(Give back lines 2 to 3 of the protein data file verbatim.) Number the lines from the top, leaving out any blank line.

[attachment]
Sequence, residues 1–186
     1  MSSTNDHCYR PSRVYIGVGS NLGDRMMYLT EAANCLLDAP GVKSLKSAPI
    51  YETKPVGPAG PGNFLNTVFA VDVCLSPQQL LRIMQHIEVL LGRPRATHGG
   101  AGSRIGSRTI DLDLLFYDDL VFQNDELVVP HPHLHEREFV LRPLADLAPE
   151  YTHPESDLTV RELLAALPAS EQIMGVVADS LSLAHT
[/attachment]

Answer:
     1  MSSTNDHCYR PSRVYIGVGS NLGDRMMYLT EAANCLLDAP GVKSLKSAPI
    51  YETKPVGPAG PGNFLNTVFA VDVCLSPQQL LRIMQHIEVL LGRPRATHGG